This is an Advertisement

Estate documents your heirs need – and where to keep them

By Elizabeth J. McKinney, Attorney
English, Lucas, Priest and Owsley, LLP

woman-hand-smartphone-desk-pexelsWhen someone dies, there’s lots to do. It’s not quite as hurried as most think it is, but usually, within a week of the funeral, the heirs are starting the process of handling all of the paperwork that needs to be handled.

You can make this all much easier by getting together a packet of information for the executor of your estate and the attorney and professional advisor who has worked with you in making your estate plans. It’s best to start this process long before you think you need to do so, and to let your friends and family know where the documents are.

We’ve listed them in order of importance. As for where you should keep these, we’d divide this into two packets: documents needed for your funeral planning, and documents needed for legal purposes. Anything needed for legal purposes you’ll want to keep in a safe place, such as a safe deposit box, and make sure your heirs and executors know where the keys are kept.

  1. Your will, trust or other legal documents that pertain to your estate. The original document, with your original signature, will be needed by the courts and your heirs to start the process. A copy is not good enough, but we do recommend keeping a copy with you at home. You can refer to the copy as you make your plans to ensure everything is as you want it and to make sure nothing has changed. This should go in your safe deposit box.
  2. Insurance policies. If you have life insurance or some kind of death benefit available to your family, the paperwork on this will help guide your executor as they pursue the claim. The policy itself will tell them what company to call, what to have handy and what is needed to make the claim. This should also go in the safe deposit box, but keep a copy of this at home, too. If you have it, a copy of the signed paperwork when you got the policy would be great to have in case there is some question.
  3. Deed to your home, title to your car, deed to a condo or second home. Any legal paperwork that indicates you own something should also go in your safe deposit box. This paperwork is all originals, and again, you can keep a copy at home for your reference.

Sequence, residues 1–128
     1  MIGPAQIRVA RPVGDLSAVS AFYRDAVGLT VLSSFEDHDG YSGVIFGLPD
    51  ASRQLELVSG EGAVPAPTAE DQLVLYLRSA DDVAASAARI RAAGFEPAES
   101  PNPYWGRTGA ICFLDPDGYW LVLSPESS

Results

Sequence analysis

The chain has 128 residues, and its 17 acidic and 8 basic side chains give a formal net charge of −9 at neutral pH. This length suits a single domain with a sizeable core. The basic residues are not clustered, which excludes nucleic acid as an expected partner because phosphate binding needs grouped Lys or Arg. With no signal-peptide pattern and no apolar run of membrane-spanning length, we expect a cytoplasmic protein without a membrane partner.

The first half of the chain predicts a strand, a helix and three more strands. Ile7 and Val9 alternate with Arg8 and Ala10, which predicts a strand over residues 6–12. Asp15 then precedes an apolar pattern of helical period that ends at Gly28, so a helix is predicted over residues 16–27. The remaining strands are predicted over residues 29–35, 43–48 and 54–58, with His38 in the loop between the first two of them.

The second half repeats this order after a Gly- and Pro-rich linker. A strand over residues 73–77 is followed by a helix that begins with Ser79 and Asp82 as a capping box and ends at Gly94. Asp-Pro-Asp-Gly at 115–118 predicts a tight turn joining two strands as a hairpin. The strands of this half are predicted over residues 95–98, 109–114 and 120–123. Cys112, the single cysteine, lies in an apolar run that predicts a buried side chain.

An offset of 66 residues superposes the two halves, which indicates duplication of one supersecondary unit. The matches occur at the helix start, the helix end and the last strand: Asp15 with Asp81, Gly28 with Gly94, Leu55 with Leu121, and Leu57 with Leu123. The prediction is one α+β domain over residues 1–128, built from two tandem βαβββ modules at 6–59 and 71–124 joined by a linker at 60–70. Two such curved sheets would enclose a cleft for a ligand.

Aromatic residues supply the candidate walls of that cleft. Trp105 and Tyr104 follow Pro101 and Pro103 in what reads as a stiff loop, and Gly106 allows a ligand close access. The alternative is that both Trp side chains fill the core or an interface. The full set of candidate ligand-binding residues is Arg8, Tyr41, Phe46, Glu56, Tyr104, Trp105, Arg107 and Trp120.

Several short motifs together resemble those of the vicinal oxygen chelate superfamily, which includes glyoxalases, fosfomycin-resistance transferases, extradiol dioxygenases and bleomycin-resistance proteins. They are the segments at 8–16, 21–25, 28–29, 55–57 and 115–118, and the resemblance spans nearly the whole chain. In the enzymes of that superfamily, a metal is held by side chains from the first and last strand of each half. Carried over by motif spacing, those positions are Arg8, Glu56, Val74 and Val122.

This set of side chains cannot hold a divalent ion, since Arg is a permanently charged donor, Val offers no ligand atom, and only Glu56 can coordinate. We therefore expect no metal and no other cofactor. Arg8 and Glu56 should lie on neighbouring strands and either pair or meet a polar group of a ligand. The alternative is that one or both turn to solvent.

4. Funeral and burial instructions. Do you own burial plots? Where? Do you have a deed that shows that you own them? Do you want to have your service at a particular church or funeral home? Do you want a certain hymn sung? Write all of it down. In the case of the burial plots, the deed should be an original and you should store it in a safe deposit box. Your funeral instructions should probably stay at home, but you could add a copy to your safe deposit box and also let your clergy person know of your wishes.
  5. Bank statements. Your executor will need to know which banks hold your accounts and approximately how much money is in the accounts. These can be copies.
  6. Retirement and investment account information. Your executor will need to know where this money is and can begin the process of claiming it. These can be copies.
  7. Military ID and discharge paperwork. If you served in the Armed Forces, particularly during a war, your family may be entitled to benefits. That original paperwork is crucial to making those claims, so keep that in a safe place. The safe deposit box is the best place.

This is a short list – there’s lots more you can probably add to it. But this will get you started. The key with this is communication. Your executor should know where this packet of information is and you should go through it with them and discuss it. The clearer you are with your wishes the more likely those wishes will be followed.

If you need assistance with estate planning, please contact me, Beth McKinney, at English, Lucas, Priest and Owsley, LLP, at (270) 781-6500, or emckinney@elpolaw.com. I’ll be glad to assist you.